Watching “65” is like sitting down to a five-course meal only to discover each course is a helping of mashed potatoes. There’s nothing wrong with mashed potatoes except that after a few courses, it all seems the same no matter how well the meal has been cooked.
That’s the cinematic soup directors/writers Scott Beck and Bryan Woods find themselves in with this space travel film set 65 million years in the past. The limited cast of two major players and a script that allows for little flexibility leaves the production as just being bland.
It would have been worse if Adam Driver hadn’t turned in his customary intense performance. He’s one of the few actors who can take a stick and a yucky bug and make it seem like the end of the world.
Mills (Driver) has agreed to a two-year deep space mission. He only agreed to be that long away from his daughter because they need his triple income to pay for some life-saving medical assistance for the young girl.
Somewhere past the midpoint of the mission, a rogue asteroid belt gets in his way and knocks his spaceship off course to an uncharted planet. In a galaxy far, far away Mills has discovered the prehistoric Earth.
Mills and a nine-year-old girl, Koa (Ariana Greenblatt), are the only survivors. The pair must make a 15-kilometer walk through a land of killer creatures to recover the escape pod. The trek is made even more difficult by the fact they don’t speak the same language.
Here’s where the big problem arises. Because there are only two people, the possibilities are extremely limited. They both can die (not the best way to quickly end an already short film). One can survive (but either way would be devastating to the other). Or, they both survive leaving the film with a very predictable conclusion.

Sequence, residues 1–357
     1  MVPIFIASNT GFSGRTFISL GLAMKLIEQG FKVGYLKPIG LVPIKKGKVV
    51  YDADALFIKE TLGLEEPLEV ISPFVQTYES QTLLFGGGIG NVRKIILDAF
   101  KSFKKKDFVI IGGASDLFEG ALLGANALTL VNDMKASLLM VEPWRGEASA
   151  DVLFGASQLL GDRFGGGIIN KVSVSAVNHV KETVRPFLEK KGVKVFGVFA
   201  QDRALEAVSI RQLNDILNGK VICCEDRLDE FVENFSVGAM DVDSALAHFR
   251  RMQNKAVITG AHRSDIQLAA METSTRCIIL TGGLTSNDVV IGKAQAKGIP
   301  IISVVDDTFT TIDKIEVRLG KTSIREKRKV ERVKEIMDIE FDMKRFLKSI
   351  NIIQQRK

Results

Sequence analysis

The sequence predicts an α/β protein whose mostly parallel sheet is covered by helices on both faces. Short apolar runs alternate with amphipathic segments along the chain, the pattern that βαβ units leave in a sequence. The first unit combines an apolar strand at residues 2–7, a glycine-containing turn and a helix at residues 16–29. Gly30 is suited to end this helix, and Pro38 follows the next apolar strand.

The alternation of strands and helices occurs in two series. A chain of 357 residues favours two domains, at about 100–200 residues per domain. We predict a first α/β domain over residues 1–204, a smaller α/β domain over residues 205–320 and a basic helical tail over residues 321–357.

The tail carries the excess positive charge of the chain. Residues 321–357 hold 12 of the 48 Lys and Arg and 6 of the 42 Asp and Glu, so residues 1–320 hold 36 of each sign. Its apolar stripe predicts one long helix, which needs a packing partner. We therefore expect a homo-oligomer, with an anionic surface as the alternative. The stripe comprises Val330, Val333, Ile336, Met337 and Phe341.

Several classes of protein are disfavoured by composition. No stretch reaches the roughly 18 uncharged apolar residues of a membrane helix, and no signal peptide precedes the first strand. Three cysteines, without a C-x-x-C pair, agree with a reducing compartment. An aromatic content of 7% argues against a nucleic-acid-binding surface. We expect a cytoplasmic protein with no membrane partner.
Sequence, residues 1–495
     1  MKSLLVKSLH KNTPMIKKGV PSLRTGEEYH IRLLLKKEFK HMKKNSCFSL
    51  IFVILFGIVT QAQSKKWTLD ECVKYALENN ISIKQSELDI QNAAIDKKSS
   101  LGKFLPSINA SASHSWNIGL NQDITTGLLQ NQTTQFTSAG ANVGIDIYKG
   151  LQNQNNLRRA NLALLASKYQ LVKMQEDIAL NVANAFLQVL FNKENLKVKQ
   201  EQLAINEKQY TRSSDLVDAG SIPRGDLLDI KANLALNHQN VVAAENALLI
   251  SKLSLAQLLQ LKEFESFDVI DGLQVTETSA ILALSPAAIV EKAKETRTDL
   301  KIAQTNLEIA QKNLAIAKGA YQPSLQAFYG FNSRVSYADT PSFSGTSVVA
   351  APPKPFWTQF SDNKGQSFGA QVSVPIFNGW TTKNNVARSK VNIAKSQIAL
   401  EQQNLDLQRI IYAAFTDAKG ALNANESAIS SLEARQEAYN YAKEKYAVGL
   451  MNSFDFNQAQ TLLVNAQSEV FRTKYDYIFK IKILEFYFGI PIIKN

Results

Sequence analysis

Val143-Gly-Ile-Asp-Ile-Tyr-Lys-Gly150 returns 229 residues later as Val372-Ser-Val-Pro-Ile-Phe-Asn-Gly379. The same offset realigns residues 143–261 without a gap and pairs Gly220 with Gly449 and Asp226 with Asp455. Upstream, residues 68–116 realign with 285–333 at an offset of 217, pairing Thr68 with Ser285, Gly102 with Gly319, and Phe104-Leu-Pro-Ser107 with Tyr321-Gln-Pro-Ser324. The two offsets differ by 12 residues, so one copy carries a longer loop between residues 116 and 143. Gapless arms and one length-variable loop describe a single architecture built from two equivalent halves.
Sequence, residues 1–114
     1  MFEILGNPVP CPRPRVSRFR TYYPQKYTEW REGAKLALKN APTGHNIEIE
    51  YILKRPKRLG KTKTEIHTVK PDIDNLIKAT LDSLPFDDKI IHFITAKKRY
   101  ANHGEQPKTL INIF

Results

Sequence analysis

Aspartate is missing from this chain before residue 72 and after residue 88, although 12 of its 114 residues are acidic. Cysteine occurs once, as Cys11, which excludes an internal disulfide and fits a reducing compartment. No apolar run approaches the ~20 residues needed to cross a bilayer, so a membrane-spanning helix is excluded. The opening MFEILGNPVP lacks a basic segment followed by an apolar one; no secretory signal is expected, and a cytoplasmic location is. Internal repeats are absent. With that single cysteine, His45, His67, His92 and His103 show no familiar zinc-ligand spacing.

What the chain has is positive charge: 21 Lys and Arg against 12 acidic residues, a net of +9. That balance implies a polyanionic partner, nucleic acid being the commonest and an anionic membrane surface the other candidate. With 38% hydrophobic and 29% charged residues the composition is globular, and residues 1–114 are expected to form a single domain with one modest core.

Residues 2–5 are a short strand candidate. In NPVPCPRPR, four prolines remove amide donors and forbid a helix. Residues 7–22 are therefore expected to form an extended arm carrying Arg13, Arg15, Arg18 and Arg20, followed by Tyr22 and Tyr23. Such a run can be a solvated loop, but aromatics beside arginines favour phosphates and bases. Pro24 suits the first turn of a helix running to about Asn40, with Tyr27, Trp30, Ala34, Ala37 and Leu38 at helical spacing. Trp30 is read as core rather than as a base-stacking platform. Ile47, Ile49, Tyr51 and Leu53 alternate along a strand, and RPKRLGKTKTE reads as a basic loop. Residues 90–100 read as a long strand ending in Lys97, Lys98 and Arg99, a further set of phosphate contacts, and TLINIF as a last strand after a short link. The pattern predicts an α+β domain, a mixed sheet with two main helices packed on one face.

This leaves Driver and Greenblatt to give the very predictable tale any jolts of energy possible. That often means Mills falling from a tree, into quicksand, down a hole or suffering other calamities that would have ended the life of a normal man.
There’s only so much danger Koa can be put in as putting children in deadly situations so often comes across as trying to capitalize on their pain. A little danger works and the two directors found that level.
Having the pair not speak the same language sets up a little tension but Koa’s grasp of English seems to come far too quickly. She’s also a little too brave for a youngster who would be put in such a situation.
But, all Beck and Woods can do is move the pair forward. They add another level of danger with a catastrophic event that makes Mills look like the unluckiest person in the galaxy. It ends up being just another helping of mashed potatoes.
Part of the problem is that the story is so thin that many of the elements begin to take on the characteristics of other movies. Beck and Woods were the team behind “A Quiet Place” and their continuation of the hush theme seems too familiar especially since that was done so much better in that film.
“65” might not have looked so thin had it not come out in the wake of the NBC drama “La Brea.” That tale of a group of people who fall through a sinkhole and end up in the distant, distant past at least tries to create some variations even if the ideas don’t quite work. Also, there are more characters to set up a broader range of story scenarios.
The overall look of the film is solid and the special effects strong enough that instead of trying to hide all of the creatures in the dark, they are clearly shown. What dinosaur they are is fun enough to help pass the time between watching Mills and Koa walk, run and fall.
If you are OK with a production that strives and hits the mediocre mark, then take a look at “65.” Just don’t expect any big surprises.
Cast: Adam Driver, Ariana Greenblatt, Chloe Coleman.
Directors: Scott Beck, Bryan Woods
Rated: PG-13 for violence, peril, bloody images
Running time: 93 minutes.